To Free the Seas, Free Ireland
The following articles were begun in 1911 under the title, “Ireland, Germany and the Next War,” and were intended for private circulation only among a few interested friends of both countries.
Part I was written in August, 1911, Parts II to VI were written at odd moments, between the end of 1912 and November 1913; Part VII in December 1913. Part VII under the title of “The Elsewhere Empire” was published in January 1914 in a Dublin monthly review.
The whole seven parts furnish in outline the case for a German-Irish alliance as this presented itself to the writer’s mind when the world was still at peace; and in Part VII the intrigues of Great Britain to induce an anti-German policy on the part of the United States are touched on.
It was the writer’s intention to show in succeeding chapters how the vital needs of European peace, of European freedom of the seas and of Irish National life and prosperity were indissolubly linked with the cause of Germany in the struggle so clearly impending between that country and Great Britain.
The war has come sooner than was expected. The rest of the writer’s task must be essayed not with the author’s pen, but with the rifle of the Irish Volunteer. As a contribution to the cause of Irish freedom this presentment of the case for Germany, friend of Ireland and foe of England, is now published.
It was written on the assumption that a war between Germany and Great Britain might be localized between those two Powers alone.
Obviously this was unlikely; but for the purpose of stating the ease of Ireland more clearly the conflict was limited, in this outline, to the two great antagonists—England fighting, to retain the mastery of the seas and keep all Europe pent up in an armed camp, Germany fighting for freedom of the seas and to break through the forest of bayonets British policy has created as the surest guarantee against her own dominion of the ocean being successfully challenged.
Once the chief factor governing the conflict is perceived, namely, the British claim to own the seas and to dominate the commercial intercourse of the world, then the cause of Germany becomes the cause of European civilization at large. Germany is fighting the battle of Europe, the battle of free trade, the fight to open the seas of the world.
A German triumph will bring equality of opportunity to all who traverse the seas, and in order to safeguard that new-won freedom Ireland, the Keeper of the Seas for Great Britain must become the Keeper of the Seas for Europe. Such is the object of the German effort: such the possibility and hope to Ireland and the sea nations of a German triumph. A German victory must bring, as one of the surest guarantees of future peace and sea liberty for all an Ireland restored to Europe and erected into a sovereign European State under international guarantees.
England fights as the foe of Europe and the enemy of European civilization. In order to destroy German shipping, German commerce, German industry, she has deliberately plotted the conspiracy we now see at work. The war of 1914 is England’s war.
For years she has been planning how she could, without danger to herself, destroy the peaceful menace of German prosperity.
A few more years of peaceful expansion by Germany and the chances of success would be less if not quite gone. Since August, 1911, the sole object of British foreign policy has been to put Germany in a false position and to arrange for the blow to be struck by other hands—by hired hands.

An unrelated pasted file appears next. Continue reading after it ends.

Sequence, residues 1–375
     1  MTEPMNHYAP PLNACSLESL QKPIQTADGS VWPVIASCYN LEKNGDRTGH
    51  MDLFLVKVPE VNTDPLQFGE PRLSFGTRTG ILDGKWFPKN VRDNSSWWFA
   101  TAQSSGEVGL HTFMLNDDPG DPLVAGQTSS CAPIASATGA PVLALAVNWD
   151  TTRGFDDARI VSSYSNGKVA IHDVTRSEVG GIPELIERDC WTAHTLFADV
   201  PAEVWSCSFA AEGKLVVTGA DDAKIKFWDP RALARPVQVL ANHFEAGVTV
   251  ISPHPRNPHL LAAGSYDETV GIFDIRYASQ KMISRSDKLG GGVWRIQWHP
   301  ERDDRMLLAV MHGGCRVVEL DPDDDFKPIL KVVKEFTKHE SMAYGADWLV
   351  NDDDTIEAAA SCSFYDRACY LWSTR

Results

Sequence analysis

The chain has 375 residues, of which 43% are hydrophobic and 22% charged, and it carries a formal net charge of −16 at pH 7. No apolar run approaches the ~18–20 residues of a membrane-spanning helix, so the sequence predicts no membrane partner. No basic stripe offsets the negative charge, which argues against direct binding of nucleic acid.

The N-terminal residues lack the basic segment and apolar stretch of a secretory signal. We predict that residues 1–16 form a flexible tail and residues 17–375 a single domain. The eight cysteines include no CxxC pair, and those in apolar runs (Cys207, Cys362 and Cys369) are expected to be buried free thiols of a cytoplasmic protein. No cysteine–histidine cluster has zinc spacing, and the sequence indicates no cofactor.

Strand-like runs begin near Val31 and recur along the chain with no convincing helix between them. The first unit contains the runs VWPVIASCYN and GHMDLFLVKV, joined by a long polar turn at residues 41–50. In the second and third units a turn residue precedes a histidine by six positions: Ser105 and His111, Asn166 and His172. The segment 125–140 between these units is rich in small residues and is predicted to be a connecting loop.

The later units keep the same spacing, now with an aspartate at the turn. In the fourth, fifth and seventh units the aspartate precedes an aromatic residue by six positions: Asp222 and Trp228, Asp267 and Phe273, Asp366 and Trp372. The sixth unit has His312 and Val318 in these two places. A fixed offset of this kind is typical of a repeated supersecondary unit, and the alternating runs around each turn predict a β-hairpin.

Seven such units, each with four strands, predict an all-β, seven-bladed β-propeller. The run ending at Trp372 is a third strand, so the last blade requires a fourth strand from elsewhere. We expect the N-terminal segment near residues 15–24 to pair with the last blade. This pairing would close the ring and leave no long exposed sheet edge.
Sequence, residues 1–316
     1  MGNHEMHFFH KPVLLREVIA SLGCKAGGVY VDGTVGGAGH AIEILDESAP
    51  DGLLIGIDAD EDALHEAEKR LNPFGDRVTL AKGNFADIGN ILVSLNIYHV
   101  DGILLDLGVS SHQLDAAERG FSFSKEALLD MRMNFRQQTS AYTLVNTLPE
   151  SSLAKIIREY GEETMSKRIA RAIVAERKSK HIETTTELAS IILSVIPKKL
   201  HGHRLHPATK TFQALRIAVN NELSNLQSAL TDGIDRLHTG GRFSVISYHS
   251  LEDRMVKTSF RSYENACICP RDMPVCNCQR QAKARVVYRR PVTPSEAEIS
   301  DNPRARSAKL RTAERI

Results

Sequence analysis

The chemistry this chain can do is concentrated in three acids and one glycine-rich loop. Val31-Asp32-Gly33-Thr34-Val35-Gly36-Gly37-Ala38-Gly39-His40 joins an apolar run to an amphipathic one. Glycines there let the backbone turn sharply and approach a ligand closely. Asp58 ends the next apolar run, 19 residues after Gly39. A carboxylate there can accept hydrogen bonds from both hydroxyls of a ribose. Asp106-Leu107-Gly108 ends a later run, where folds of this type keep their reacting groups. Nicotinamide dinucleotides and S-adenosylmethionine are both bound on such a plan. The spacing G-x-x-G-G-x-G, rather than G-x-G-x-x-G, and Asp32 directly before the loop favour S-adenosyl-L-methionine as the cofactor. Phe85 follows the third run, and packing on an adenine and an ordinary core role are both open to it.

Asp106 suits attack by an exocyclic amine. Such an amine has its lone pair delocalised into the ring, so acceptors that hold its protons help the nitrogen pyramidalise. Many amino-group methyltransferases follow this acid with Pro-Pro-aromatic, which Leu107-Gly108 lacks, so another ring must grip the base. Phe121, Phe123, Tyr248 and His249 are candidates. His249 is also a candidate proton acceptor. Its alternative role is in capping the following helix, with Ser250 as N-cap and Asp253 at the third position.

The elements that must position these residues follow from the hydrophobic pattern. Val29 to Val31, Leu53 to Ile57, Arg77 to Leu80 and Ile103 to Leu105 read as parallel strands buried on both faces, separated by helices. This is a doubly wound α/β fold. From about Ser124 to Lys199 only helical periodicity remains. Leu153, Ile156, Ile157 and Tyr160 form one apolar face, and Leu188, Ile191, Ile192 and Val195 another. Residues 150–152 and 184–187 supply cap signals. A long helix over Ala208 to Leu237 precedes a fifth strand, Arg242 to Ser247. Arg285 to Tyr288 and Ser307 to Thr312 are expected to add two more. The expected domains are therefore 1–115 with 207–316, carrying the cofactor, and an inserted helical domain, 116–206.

To-day we see the triumph of British diplomacy. Russia and France have been nerved up to the task. The sword has been drawn against Germany, and England, confident now that come what may she must gain her object (the destruction of German sea power, shipping and commerce), enters joyfully into a struggle that while it shall never touch her own shores, or interrupt or lessen a single English meal, must end in the laying waste of Germany and the annihilation of the only European people who had shown themselves capable of serious competition in the peaceful arts of commerce and industry.
In order to achieve this crime England is prepared to hand Europe over to Russia. Herself a non-European Power she cheerfully contemplates Europe dominated by an Asiatic Power, so that she may sweep German commerce from the seas and destroy the constant threat of German peaceful expansion. No greater crime against civilization has ever been planned. Secure herself, as she believes, guarded by the seas and her “invicible” ring of Dreadnoughts, having never experienced the horrors of invasion or herself borne the suffering of war she has plotted and achieved a war of inconceivable horror and devastation abroad, from which she confidently hopes to pull the spoils of a ruined German world commerce.
In this war Germany fights not only for her own life—she fights to free the sees and if she wins she fights to free Ireland. In this war Ireland has only one enemy. Let every Irish heart, let every Irish hand, let every Irish purse be with Germany.
Let Irishmen in America get ready. The day a German sea victory tolls the death knell of British tyranny at sea, it tolls the death knell of British rule in Ireland.
Let Irishmen in America stand ready, armed, keen and alert. The German guns that sound the sinking of the British Dreadnoughts will be the call of Ireland to her scattered sons.
The fight may be fought on the seas but the fate will be settled on an island. The crippling of the British fleet will mean a joint German-Irish invasion of Ireland and every Irishman able to join that army of deliverance must get ready to-day.
New York City, 1. September 1914.